THE STONED CROWS / DRUSILA / TIGER MIMIC - Camden Assembly, London 30.06.19



If anyone had any doubts about the next generation of bands and young musicians then tonight’s line-up on a hot Sunday night in North London should help alleviate their fears. Sadly due to the vagaries of the “revised” train timetable, I was unable to see the opening band, THE FIX.

Next up however were TIGER MIMIC, a four-piece, fronted by the petite Jess Rhodes. Described as an indie-rock band, their eight-song set comprised the three song releases from their debut-EP ‘Elephant Skeleton’ together with some brand new compositions. Jess’ vocals ranged from quiet and gravelly through the more poetic tracks to full siren as the rest of the band kicked the heavier songs into gear. Sharing vocals and song-intro duties with Jess was fellow American and band co-founder, guitarist Bram Johnson. The TIGER MIMIC set was a diverse mix of styles, reflecting the bands’ keenness for each member to contribute their own musical taste and compositions. Bassist Ben Willis and drummer George Latham were tight and the percussive harmonies stitched each track together, whatever the direction. Bram’s fluorescent pink Fender was pressed into action for most of the evening, providing a range of rhythms and solos, whilst Jess sprinkled some synth-keyboards throughout the whole show. Certainly a band to look out for if you have an eclectic range of musical tastes.

Portsmouth-based duo DRUSILA took to the stage next. I’ll add electro-pop to the indie-rock epitaph to describe them. Vocalist, synth/keyboardist, occasional guitarist and even more occasional floor-tom drummer George Robert kept the audience mesmerised with his haunting vocals, moon-walking and expressive moves on stage - and off it - when he took to the floor to sing, play and involve the crowd. For a band that has only been together for just over a year, with four singles already under their belt, they are clearly in sync with each other on stage.

The solid, catchy rhythm and then off-beats of Hugo Seckington’s drums kicking in at exactly the right time for Robert’s improvised guitar feedback or synth-pedal effect. Reminiscent of The Cure frontman Robert Smith or The Smiths animated singer Morrissey, the foppish hair, boyish good looks, trendy sockless attire and emotional gestures belie the fact that Robert is a very charismatic and talented musician. Comparisons to that other 80s duo The Pet Shop Boys are obvious, but the heavier, often improvised, compositions give an edgier, fresher feel to DRUSILA. I think they’d go down well on the outdoor stages at some of the dance-oriented festivals this summer.

Headliners THE STONED CROWS took to the stage from a more filled-out floor and immediately set about upping the tempo and rock quota for the evening. The four fresh-faced guys, with a great taste in winkle picker-style boots, were clearly enjoying themselves as they hit the first three tracks without barely taking a break, and with the only audience conversation being from lead singer and guitarist Keaton Smout informing them that “we’re the Stoned Crows and we’re here to rock and roll”.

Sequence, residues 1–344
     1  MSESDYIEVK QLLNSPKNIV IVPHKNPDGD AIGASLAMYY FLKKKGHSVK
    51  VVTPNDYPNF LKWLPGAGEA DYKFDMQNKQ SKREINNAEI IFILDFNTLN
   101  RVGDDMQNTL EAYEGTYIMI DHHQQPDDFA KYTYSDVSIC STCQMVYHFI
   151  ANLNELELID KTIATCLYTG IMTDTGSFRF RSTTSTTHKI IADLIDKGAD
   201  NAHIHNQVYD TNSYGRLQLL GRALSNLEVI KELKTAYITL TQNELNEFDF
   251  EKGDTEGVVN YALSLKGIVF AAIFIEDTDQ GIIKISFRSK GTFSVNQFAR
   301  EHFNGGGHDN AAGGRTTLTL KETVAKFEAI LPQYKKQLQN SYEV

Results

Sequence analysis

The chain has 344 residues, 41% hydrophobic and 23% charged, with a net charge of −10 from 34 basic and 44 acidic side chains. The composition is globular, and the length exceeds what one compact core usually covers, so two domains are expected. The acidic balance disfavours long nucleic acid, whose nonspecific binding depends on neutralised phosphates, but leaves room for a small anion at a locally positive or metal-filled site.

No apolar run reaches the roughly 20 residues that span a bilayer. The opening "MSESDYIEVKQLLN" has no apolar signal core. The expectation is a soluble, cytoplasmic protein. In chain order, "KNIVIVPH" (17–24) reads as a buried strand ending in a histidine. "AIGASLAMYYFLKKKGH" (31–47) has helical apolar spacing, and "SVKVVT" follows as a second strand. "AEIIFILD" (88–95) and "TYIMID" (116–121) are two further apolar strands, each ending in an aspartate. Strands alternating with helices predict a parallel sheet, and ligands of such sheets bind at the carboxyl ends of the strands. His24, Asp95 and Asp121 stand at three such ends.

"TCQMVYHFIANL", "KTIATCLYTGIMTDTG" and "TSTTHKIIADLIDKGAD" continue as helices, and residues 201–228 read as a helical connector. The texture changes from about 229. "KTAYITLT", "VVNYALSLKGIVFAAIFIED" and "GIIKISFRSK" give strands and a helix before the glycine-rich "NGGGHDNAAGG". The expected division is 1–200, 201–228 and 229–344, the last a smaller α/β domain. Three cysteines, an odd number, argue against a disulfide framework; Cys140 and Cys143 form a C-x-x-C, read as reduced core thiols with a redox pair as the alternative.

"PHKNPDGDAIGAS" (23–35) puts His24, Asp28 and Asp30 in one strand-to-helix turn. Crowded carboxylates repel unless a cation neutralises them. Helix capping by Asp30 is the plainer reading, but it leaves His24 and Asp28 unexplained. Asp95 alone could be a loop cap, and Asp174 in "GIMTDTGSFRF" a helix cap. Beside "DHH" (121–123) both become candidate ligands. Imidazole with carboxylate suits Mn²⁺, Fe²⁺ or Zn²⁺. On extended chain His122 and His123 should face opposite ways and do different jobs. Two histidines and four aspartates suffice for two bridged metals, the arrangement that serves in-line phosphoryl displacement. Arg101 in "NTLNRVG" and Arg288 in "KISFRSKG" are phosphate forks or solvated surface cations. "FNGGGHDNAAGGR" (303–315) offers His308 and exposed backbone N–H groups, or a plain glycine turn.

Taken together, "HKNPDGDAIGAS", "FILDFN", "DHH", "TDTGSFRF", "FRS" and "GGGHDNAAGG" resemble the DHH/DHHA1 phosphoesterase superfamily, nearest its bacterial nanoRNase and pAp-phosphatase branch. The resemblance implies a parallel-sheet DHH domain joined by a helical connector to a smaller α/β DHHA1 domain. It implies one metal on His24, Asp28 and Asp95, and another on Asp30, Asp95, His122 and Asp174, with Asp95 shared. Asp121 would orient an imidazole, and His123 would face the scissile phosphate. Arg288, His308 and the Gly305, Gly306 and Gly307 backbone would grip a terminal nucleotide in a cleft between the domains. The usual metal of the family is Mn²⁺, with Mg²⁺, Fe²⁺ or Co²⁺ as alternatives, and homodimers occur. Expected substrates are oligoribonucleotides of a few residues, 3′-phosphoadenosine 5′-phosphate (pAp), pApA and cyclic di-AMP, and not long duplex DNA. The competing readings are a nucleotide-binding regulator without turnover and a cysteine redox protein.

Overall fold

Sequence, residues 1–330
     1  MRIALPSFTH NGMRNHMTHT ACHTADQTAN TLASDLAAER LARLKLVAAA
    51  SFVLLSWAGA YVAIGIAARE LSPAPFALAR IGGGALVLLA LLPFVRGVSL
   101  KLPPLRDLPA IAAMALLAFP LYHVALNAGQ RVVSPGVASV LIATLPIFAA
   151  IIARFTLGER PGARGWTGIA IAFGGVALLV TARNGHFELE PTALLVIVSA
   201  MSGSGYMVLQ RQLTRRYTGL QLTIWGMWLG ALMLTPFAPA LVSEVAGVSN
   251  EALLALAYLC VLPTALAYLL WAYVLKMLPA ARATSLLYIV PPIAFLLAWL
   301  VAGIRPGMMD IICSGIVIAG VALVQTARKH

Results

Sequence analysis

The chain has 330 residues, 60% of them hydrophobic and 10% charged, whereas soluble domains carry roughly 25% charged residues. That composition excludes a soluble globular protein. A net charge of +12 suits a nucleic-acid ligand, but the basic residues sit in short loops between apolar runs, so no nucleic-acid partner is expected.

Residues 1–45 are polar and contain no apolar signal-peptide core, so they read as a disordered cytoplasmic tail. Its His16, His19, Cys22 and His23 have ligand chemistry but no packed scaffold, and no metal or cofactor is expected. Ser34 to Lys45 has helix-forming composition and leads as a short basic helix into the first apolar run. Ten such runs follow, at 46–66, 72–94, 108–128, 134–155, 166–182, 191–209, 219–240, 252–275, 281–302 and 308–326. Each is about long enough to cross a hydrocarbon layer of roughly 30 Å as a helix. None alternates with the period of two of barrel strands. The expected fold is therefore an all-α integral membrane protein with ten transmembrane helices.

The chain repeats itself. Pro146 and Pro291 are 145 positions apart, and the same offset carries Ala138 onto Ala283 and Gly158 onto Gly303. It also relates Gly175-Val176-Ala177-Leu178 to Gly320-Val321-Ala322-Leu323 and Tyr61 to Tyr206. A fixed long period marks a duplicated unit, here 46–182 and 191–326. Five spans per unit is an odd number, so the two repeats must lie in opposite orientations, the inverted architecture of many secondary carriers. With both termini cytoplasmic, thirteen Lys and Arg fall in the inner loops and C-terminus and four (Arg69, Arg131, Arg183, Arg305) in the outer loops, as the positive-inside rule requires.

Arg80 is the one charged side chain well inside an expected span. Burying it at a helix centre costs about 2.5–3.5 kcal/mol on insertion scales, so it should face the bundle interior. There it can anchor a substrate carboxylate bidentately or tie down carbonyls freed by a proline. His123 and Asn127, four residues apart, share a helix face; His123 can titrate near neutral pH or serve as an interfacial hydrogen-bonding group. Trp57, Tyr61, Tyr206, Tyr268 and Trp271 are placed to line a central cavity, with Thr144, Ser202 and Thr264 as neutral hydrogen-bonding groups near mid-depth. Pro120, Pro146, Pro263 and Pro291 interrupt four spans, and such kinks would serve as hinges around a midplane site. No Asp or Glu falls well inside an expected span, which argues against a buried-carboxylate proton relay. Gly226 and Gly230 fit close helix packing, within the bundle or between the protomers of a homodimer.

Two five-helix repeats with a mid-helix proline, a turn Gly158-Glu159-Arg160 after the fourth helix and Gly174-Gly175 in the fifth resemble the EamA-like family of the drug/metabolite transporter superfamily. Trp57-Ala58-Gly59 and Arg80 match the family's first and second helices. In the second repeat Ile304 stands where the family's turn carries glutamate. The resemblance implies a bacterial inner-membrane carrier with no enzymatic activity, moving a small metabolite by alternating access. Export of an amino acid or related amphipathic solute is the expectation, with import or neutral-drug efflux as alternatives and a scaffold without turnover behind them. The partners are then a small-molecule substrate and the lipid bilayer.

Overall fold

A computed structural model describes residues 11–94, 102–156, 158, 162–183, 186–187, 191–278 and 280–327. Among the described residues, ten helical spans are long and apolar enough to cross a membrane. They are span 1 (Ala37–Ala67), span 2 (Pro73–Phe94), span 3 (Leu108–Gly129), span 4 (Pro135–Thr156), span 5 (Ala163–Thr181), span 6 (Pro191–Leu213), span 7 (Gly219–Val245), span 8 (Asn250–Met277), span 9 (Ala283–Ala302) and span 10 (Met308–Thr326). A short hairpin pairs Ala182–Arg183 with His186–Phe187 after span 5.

Opening with their single ‘Madman’, the boys delivered their own blend of rock and roll and rhythm and blues with a bit of a punk-edge– think Dr. Feelgood meets The Rolling Stones with a dash of The Clash. Seguing into ‘Go Your Own Way’ and then ‘Nothing’ they finally took a well-earned rest between songs.

Drummer Bernardas ‘Bernie’ Zakaras kept the whole band going all night, combining heavy rhythms with some great bluesy drum licks and rolls, especially as they started ‘Told You So’. He was ably supported by Harry Chard on bass. The Dr. Feelgood influence became apparent as Keaton asked if the audience liked Dr.F before launching into a blistering cover of their ‘Take A Trip’. What was becoming very apparent was that this band had a tight sound and tone beyond their years.

Resplendent in his black and white striped shirt, guitarist Enguerrand ‘Ron’ Cleron was the most animated of the four, throwing his guitar around and stomping around as much of the stage as he could. I thought ‘Over Moon’ had a very commercial feel to it – which could work as the next single, followed by the lovely guitar intro to ‘Walkin’ By’. Both Keaton and Ron wrung every note out of their respective Gibson ES-355 and Fender guitars all night, both with and without the use of the glass slides that gave a lovely tone to the following track ‘Hypnotic’.

The purpose of the evening was to launch the new single ‘Blind’ which was up next and the band were joined on stage by the Meyer Dancers, who also appear in the accompanying video. With the ladies adding some gogo shimmy and shaking to the proceedings, the boys ripped up the stage with enthusiasm. Dropping the tempo slightly next for ‘Dizzy’, Keaton left his guitar and took out his harmonica to add to the track. The dancers stayed through and into the final track, the very 60s-feeling and with the addition of the Meyer girls 60s-looking, ‘Heart Attack’ with Keaton’s faithful Gibson restored round his neck.

To audience shouts of “one more song”, which Keaton said rather embarrassingly “We haven’t got anymore – but we’ll do a f**king heavy version of ‘Madman’ for you”, which they proceeded to do.

Leaving the stage to great applause they certainly delivered on their promise to ‘rock and roll’ the Assembly. These boys can go far - worth checking them out if you haven’t already.